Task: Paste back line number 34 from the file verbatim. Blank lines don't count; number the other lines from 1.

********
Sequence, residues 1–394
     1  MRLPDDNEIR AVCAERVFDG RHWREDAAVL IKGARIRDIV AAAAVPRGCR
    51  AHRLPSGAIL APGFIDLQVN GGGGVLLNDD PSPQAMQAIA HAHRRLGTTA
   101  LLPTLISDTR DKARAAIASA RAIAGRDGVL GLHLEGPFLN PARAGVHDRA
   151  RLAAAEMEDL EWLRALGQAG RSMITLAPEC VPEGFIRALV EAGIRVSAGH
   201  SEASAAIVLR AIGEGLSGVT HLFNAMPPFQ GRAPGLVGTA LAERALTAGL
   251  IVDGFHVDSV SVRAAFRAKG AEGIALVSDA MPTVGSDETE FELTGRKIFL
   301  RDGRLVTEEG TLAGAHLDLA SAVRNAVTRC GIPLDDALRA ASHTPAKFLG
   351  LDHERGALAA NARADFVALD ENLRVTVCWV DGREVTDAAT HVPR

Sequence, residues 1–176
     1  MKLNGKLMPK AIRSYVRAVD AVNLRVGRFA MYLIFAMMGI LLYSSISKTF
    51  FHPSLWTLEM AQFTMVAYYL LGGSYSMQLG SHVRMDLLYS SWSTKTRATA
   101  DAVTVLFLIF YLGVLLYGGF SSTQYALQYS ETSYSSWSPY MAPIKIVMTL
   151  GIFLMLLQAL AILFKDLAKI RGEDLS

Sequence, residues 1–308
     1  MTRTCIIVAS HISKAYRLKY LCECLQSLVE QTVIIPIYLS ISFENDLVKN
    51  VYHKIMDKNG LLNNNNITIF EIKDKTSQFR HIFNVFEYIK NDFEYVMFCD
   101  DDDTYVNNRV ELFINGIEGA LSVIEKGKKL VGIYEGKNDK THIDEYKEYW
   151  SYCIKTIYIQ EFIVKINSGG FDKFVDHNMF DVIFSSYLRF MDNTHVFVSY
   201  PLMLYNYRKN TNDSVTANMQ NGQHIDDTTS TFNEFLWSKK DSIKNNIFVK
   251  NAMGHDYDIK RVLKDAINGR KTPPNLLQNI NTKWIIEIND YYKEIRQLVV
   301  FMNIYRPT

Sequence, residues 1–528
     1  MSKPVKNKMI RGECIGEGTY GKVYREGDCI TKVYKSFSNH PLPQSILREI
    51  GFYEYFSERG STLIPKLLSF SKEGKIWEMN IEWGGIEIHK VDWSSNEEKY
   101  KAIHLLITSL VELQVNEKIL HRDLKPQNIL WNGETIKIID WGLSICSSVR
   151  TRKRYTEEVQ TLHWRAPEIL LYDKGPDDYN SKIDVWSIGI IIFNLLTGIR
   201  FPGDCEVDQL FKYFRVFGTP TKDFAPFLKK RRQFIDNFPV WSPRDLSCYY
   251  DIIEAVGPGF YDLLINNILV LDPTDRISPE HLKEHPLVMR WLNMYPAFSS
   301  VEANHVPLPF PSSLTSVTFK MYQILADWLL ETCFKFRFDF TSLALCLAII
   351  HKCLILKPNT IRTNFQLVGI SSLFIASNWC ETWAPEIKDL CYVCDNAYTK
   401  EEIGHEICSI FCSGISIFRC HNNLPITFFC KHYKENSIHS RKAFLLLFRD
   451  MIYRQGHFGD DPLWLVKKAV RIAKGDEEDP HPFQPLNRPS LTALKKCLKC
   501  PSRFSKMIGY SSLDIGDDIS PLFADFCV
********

   501  PSRFSKMIGY SSLDIGDDIS PLFADFCV